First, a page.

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LSU’s Track Dynasty Appears Over

June 2, 1998

BUFFALO, N.Y. (AP) _ The longest running dynasty in college track and field _ LSU’s string of 11 consecutive NCAA women’s outdoor titles _ appears to be coming to an end.

Even coach Pat Henry grudgingly concedes that the Tigers’ reign should not go beyond this weekend at the NCAA Championships at the University of Buffalo.

``I don’t know if we have the personnel to win the championship,″ Henry said. ``On paper, three schools do _ Texas, UCLA and BYU.″

Of course, Henry is not giving up easily on his team that has monopolized the No. 1 spot since 1987.

``Championships are not won on paper,″ he said. ``What’s on paper you have to do at a meet. I’m not telling my girls we can’t win.

``Emotions are a big part of track and field. Emotionally, you have to have the right things happen. If you get on a roll, you can hit it.″

A sign that LSU’s domination was beginning to fade came at last year’s championships at Bloomington, Ind., where the Tigers rallied for 43 points on the final day to beat Texas by 1 point. Their previous closest victory was 1988, when LSU beat UCLA by 3 points.

Then, at the NCAA Indoor Championships at Indianapolis in March, Texas broke LSU’s string of five straight titles.

The outdoor battle between LSU and Texas, both of whom are built around a core of sprinters and hurdlers, begins Wednesday and ends Saturday.

LSU’s chances were severely hurt even before the season, when the NCAA ruled that Astia Walker, last year’s 100-meter hurdles champion, was ineligible because she had competed in one meet during her sophomore year at Riverside (Calif.) Junior College.

``We didn’t know about that until after the fact,″ Henry said. ``She competed in one meet and took three steps in another before getting hurt, and the NCAA ruled that as a whole year of eligibility.″

Walker had helped account for 28 points in last year’s meet. In addition to winning the hurdles, she finished second in the 200 and led off LSU’s winning 400-meter relay.

Walker was virtually missing in this year’s indoor championships, too. Owning the best time in the 200, she was disqualified for running out of her lane. That seemed to affect the entire team, and after that, the Tigers disintegrated.

``That was a big letdown,″ Henry said.

As the Tigers sagged, the Longhorns soared.

``It was about time we won,″ Texas coach Bev Kearney said.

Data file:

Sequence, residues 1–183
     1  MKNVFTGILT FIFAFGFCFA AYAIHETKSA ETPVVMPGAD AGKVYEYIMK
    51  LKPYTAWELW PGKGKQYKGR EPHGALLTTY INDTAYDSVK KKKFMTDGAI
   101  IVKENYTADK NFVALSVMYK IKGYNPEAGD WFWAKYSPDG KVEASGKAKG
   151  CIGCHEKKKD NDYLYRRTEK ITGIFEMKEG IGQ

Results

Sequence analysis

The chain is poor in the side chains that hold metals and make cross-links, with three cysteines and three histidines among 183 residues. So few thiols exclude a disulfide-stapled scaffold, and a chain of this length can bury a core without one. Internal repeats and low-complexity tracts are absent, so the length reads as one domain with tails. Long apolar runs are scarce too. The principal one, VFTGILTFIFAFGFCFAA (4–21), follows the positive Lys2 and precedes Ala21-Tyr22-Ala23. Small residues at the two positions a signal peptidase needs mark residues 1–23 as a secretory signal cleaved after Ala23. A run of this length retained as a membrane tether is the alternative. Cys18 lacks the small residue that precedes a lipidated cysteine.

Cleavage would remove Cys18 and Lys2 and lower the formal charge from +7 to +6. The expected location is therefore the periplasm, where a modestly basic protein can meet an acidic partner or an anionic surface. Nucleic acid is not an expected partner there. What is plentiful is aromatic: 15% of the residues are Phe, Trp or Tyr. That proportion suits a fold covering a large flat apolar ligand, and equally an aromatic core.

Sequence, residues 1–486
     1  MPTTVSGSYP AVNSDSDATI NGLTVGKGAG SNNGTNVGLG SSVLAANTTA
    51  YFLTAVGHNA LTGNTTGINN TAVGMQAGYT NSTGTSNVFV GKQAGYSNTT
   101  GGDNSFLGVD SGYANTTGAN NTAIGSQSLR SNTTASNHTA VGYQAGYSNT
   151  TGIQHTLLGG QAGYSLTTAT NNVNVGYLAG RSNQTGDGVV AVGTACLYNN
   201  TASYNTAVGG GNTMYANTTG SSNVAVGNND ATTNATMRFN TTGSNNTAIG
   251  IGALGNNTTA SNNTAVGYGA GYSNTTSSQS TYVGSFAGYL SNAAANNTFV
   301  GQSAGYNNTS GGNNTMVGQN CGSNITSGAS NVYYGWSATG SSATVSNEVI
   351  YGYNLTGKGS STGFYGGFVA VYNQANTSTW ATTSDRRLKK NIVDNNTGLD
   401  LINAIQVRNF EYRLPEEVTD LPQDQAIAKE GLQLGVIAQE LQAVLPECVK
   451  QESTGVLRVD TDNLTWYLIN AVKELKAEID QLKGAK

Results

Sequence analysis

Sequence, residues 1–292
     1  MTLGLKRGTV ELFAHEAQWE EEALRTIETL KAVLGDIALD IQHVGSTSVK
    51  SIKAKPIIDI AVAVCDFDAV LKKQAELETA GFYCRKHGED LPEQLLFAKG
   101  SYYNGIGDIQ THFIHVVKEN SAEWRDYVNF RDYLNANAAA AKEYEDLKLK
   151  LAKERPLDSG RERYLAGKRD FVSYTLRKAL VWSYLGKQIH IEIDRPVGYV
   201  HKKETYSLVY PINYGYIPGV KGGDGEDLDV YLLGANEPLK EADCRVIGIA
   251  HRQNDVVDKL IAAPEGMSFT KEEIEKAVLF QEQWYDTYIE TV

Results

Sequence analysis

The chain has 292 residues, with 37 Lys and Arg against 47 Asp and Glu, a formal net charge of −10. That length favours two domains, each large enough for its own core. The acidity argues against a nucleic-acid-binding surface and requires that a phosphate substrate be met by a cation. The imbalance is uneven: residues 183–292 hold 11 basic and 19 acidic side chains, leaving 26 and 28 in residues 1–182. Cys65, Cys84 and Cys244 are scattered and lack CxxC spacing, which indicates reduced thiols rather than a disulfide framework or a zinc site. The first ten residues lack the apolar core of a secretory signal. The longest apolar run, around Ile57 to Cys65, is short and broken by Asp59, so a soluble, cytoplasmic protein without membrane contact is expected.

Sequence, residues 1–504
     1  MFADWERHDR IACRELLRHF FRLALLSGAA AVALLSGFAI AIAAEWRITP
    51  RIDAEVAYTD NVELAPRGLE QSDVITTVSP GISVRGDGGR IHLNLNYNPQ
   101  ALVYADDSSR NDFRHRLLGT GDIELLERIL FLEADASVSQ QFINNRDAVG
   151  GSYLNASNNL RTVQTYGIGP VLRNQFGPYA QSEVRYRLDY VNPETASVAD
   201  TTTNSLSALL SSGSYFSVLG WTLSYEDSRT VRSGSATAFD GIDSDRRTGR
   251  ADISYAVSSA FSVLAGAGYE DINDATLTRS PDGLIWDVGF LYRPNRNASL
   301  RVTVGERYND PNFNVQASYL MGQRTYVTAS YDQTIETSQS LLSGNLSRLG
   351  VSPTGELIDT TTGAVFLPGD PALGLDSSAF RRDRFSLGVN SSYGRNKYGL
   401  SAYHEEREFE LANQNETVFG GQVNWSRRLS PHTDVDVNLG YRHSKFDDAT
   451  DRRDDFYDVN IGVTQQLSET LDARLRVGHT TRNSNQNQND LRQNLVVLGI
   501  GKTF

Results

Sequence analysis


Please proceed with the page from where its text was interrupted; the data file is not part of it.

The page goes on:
``Last year was a bitter pill to swallow, but it made us a better team this year.

``This year, we have enough firepower to win. We’ve done a good job of focusing all year and I’m looking forward to the team finishing the season with the same intensity it began the season.″

The Longhorns had four individual winners indoors _ LaKeisha Backus in the 200, Suziann Reid in the 400, Angie Vaughn in the 55-meter hurdles and Erin Aldrich in the high jump _ and all are either ranked first or second in their events outdoors.

Kearney expects a three-team battle among Texas, LSU and UCLA, last year’s third-place finisher.

``UCLA is stronger, we’re stronger, LSU is weaker,″ she said. ``But anyone who thinks LSU is weak is mistaken. Don’t underestimate LSU. They know how to win and they’ve proven it year in and year out.″

The Bruins’ strength is in the throwing events, but like LSU, they could be hurt by the absence of one of their top performers _ hurdler Joanna Hayes.

Hayes injured a hamstring at the Pac-10 Championships and her participation this week is uncertain. She was scheduled to compete in four events _ the 100 and 400 hurdles, and the 400 and 1,600 relays.

Still, with Nada Kawar and Seilala Sua in the shot put, Suzy Powell, Rachelle Noble and Sua in the discus, Noble in the hammer throw and Powell in the javelin, the Bruins are very formidable.

Arkansas is expected to win the men’s title for the seventh straight year and eighth time overall. The Razorbacks, with an array of strong distance runners and horizontal jumpers, also have won the indoor championship 14 of the last 15 years.

If they win again this weekend, they would tie Southern Cal (1949-55) for the second longest streak outdoors. The Trojans also have the longest, nine in a row, from 1935-43.

``The weather will be good for the distance runners,″ Arkansas coach John McDonnell said, referring to the expected cool temperatures in Buffalo this week. ``it will be ideal. It won’t hurt us.″

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